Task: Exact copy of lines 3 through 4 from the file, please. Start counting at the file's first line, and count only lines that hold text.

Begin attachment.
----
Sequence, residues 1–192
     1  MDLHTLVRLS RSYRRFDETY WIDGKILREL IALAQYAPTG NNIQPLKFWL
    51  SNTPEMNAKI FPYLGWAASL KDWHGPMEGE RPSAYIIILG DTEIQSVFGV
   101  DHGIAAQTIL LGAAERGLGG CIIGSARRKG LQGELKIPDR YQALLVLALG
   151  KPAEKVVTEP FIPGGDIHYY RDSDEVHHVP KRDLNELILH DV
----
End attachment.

    51  SNTPEMNAKI FPYLGWAASL KDWHGPMEGE RPSAYIIILG DTEIQSVFGV
   101  DHGIAAQTIL LGAAERGLGG CIIGSARRKG LQGELKIPDR YQALLVLALG